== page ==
5 steps to avoid reno disaster

A Toronto home had to be torn down Friday after it tilted dramatically toward its neighbour following renovation work in the basement. What you can do to avoid these sorts of problems.

Canadian Home Builder's Association says hiring an insured professional best bet for home renovations

A home in Toronto's Dundas West area has been demolished less than two days after its foundation was compromised during renovations to the basement. The house developed a dramatic lean, prompting city officials to evacuate several neighbouring houses. (Colin Butler/CBC)

A home in West Toronto was demolished on Friday after the house dramatically tilted during renovation work in the basement. 

City officials say contractors were "underpinning the basement" when neighbours reported hearing a loud crack. Firefighters showed up shortly afterward.

The shift in the structure was so severe that the homeowners were not allowed to enter the house to retrieve their belongings because officials said it was too dangerous.

Planning a renovation?

The Canadian Home Builders' Association, whose website proclaims to be "the voice of Canada's residential construction industry," representing some 8,000 firms across the country, provides resources and tips for homeowners looking to renovate.

CBC News spoke with Joe Vaccaro, the head of the Ontario branch of the CHBA, and he laid out the top four steps his organization says homeowners should take before starting any big renovation. The Insurance Bureau of Canada adds a fifth: contact your insurance provider, particularly if you are going DIY.

The five steps:

Hire a professional. Contractors in Alberta, B.C., Manitoba, New Brunswick, Ontario and Saskatchewan who meet the criteria laid out by the CHBA can carry a Renomark certification.

To be certified members are held to a code of ethics, which includes requiring "contractors to carry a two-year warranty and $2-million liability insurance," says Vaccaro.

The CHBA offers a Reno Guide as well as a list of certified contractors on its website. 

The Canadian Home Builders' Association provides a certification program called Renomark that requires member contractors to carry liability insurance as well as adhere to the organization's code of ethics. (CHBA)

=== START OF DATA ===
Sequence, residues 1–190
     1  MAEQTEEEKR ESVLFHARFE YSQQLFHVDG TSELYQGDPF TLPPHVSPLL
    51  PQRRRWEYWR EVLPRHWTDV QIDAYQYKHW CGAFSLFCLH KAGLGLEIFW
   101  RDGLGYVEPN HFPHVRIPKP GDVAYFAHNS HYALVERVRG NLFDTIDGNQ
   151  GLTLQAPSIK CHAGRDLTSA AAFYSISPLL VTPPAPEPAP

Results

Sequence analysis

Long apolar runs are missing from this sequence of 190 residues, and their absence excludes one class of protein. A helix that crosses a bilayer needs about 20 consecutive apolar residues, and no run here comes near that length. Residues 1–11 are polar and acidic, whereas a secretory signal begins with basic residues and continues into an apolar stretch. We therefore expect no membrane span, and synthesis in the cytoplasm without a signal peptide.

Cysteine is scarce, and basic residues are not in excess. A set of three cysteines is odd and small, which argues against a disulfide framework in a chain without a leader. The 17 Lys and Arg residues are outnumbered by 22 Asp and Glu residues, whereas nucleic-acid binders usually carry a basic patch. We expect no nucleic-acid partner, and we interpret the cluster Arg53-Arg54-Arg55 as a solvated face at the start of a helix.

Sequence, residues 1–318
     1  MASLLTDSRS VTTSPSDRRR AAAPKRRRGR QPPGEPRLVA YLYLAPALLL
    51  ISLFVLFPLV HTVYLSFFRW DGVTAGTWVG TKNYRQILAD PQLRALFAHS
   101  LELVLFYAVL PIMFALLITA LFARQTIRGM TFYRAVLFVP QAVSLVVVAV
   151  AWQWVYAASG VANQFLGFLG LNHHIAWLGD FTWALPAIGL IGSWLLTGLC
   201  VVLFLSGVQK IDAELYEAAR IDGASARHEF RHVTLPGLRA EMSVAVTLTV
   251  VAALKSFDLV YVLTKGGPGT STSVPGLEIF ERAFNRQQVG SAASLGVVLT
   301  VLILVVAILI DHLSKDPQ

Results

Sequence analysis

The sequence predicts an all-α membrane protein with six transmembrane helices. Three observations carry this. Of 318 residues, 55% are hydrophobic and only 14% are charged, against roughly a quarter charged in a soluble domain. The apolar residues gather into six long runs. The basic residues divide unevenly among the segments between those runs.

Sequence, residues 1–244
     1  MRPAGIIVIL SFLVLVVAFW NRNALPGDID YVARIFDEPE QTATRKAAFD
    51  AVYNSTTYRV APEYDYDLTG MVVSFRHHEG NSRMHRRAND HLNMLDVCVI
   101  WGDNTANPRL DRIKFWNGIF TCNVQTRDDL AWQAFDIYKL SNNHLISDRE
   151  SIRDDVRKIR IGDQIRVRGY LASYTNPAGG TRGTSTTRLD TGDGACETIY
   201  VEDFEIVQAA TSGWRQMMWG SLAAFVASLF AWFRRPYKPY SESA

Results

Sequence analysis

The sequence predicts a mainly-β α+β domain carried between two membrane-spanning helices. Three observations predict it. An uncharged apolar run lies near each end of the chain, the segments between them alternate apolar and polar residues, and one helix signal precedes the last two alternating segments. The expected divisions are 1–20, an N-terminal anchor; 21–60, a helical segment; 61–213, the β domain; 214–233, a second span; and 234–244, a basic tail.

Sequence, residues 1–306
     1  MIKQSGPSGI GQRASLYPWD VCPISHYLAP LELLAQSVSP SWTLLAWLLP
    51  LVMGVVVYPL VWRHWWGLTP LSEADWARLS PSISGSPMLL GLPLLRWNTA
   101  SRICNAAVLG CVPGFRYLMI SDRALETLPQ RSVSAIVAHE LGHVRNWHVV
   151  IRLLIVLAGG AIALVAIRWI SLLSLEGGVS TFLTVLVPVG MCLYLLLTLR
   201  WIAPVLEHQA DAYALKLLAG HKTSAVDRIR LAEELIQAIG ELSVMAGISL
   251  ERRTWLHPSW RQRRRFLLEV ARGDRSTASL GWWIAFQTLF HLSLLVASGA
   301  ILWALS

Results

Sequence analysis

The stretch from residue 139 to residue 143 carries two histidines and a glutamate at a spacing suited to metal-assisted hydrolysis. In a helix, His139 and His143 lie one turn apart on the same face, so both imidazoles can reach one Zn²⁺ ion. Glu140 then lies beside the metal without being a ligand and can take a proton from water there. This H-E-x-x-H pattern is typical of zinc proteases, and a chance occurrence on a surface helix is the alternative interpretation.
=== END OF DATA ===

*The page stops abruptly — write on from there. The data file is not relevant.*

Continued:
Get a contract. "Get it in writing," says Vaccaro. "Consumers should always be looking for a contract. That's your first line of protection" when hiring contractors.

The contract should include the scope of work to be done, price, schedule of payment and a timeline for completing everything.

Vaccaro also says its important to note that homeowners are liable when it comes to subcontractors hired by a principal contractor.

The Construction Lien Act in Ontario, along with similar hold-back requirements available in other provinces, allows homeowners to withhold 10 per cent of the total cost of a contract for up to 45 days following its completion.

The purpose is to provide homeowners a means to ensure a contractor finishes all the outstanding parts of the agreement.  

Communicate with your contractor and discuss concerns. A change order, basically a written amendment to the contract specifying any additional work that may have come up during the course of a job, is another step the CHBA recommends.

Get permits. Ensuring that a contractor has all the necessary civic permits is one more step that Vaccaro says is necessary when undertaking a home renovation.

Obtaining a permit from the city not only makes your work legal, but "pays for a third party, usually a city inspector, to come make sure the work is being done to code and safely."

Contact your insurance company. The Insurance Bureau of Canada, which represents private home, car and business insurance sellers, also recommends hiring a licensed contractor for structural renovations.

"A homeowner needs to ask for some sort of evidence of liability coverage," says Steve Kee, a spokesperson for the IBC.

As well, for those looking to do the project themselves, Kee stresses that it's important to contact your insurance provider in advance.  

"If you do work on your own and don't tell your insurance provider, coverage may be impacted." A builder's risk policy can be added to a homeowner's insurance policy, usually as a one-time fee, says Kee.

"When in doubt, ask your insurance provider."

The IBC also recommends re-evaluating home insurance coverage every year or two, regardless of structural improvements, to ensure one's policy is up to date with market prices.

"Check the value of your home against your coverage," says Kee. "It's just sound practice. In today's world, you want to be covered."